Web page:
30 Years On
On 23 August 1988, thirty years ago today, Prime Minister Bob Hawke proposed the first item of substantive business in the new Parliament House in Canberra which had been opened by the Queen on 9 May 1988. The idea for the motion arose when the heads of Australian churches issued a statement titled “Towards Reconciliation in Australian Society” at the beginning of 1988, the year of the bicentenary.
This was the motion:
That this House-
(1) acknowledges that:
(a) Australia was occupied by Aborigines and Torres Strait Islanders who had settled for thousands of years before British settlement at Sydney Cove on 26 January 1788;
(b) Aborigines and Torres Strait Islanders suffered dispossession and dispersal upon acquisition of their traditional lands by the British Crown; and
(c) Aborigines and Torres Strait Islanders were denied full citizenship rights of the Commonwealth of Australia prior to the 1967 Referendum;
(a) the importance of Aboriginal and Torres Strait Islander culture and heritage; and
(b) the entitlement of Aborigines and Torres Strait Islanders to self-management and self-determination subject to the Constitution and the laws of the Commonwealth of Australia; and
(3) considers it desirable that the Commonwealth further promote reconciliation with Aboriginal and Torres Strait Islander citizens providing recognition of their special place in the Commonwealth of Australia.
This was the Prime Minister’s speech:
‘Yesterday we celebrated the opening of the Parliament's new and permanent home with ceremony and with dignity, in a spirit of amity, and with a renewed determination to fulfil our responsibilities to serve the people of Australia. Today the ceremonies are over and we are getting down to work. It is my belief that we cannot afford easily to put aside that constructive awareness of our national obligation which pervaded the opening of this building. It is with that in mind that I am moving this motion and seeking for it the wholehearted support of the House.
‘This motion is not another item of ceremony to be performed and then forgotten when we get down to the real business of politics. This motion is our real business, the beginning of our parliamentary duties in our new building. In our bicentennial year, and at the outset of our first working day in this chamber, a motion such as this could hardly be more appropriate, because our new beginnings in this building allow us to focus with fresh minds on the great question, the great challenge, proposed by our celebrating of 200 years of European settlement, that is, the nation's relationship with its Aboriginal and Torres Strait Islander citizens. At the start of our bicentennial year the heads of Australian churches issued a statement titled “Towards Reconciliation in Australian Society”. The idea for this motion originated with that statement and the precise words of the motion have been suggested by the churches. For this reason, and to prevent the injection of party politics into this motion, I believe it should be voted on without amendment from either side of the House.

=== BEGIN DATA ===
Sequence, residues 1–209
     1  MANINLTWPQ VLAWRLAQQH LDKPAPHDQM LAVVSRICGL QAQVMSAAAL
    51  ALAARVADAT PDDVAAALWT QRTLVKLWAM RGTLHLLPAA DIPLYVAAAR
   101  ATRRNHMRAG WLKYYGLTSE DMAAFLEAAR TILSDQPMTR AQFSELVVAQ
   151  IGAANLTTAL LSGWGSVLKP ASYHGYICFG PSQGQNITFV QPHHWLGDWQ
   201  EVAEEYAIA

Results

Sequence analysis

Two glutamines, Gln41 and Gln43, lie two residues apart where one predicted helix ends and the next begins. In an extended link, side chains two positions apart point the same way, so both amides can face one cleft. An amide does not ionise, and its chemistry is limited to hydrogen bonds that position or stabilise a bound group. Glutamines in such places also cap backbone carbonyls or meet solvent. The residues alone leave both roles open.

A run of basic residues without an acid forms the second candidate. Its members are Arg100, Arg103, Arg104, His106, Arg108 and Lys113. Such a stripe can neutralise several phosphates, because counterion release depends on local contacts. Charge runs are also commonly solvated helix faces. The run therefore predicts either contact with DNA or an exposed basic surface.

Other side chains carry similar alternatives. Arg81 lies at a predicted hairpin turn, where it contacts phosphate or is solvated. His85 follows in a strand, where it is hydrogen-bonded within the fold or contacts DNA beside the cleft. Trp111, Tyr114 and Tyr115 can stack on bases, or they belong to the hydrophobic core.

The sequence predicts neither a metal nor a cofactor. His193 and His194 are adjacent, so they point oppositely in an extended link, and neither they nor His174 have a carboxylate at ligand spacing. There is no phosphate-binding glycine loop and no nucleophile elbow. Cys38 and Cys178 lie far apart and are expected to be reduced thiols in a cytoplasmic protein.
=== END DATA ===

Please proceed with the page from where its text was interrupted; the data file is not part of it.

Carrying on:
‘The motion is in three parts. It begins by acknowledging as historical truths the prior occupation and settlement of Australia by the Aboriginal and Torres Strait Islander people, the dispossession and dispersal they suffered after 1788, and the denial of full citizenship rights to them until 1967. Whatever one's political views or social theories, those are undeniable facts of the Australian story. It is not sufficient merely to acknowledge those truths without drawing out their implications. I believe they are inevitable implications.
‘Accordingly, this motion goes on in its second part to affirm the importance of the Aboriginal culture and the entitlement of Aboriginal people to a substantial degree of self-management. The acknowledgment of these historical truths and the affirmation of these implications by this Parliament, and preferably a unanimous acknowledgment and affirmation, will go a long way towards their greater acceptance throughout the community. But it would still be inadequate to leave the issue at that point.
‘We must add one logical step and draw one conclusion of ultimate significance. We must, if we are truly to fulfil our responsibilities as the elected representatives of the Australian people, express our utmost determination to promote reconciliation within our community, and we must do it today. We must, in the words of the third part of this motion, state the desirability of the Commonwealth further promoting reconciliation with Aboriginal and Torres Strait Islander citizens, and providing recognition of their special place in the Commonwealth of Australia.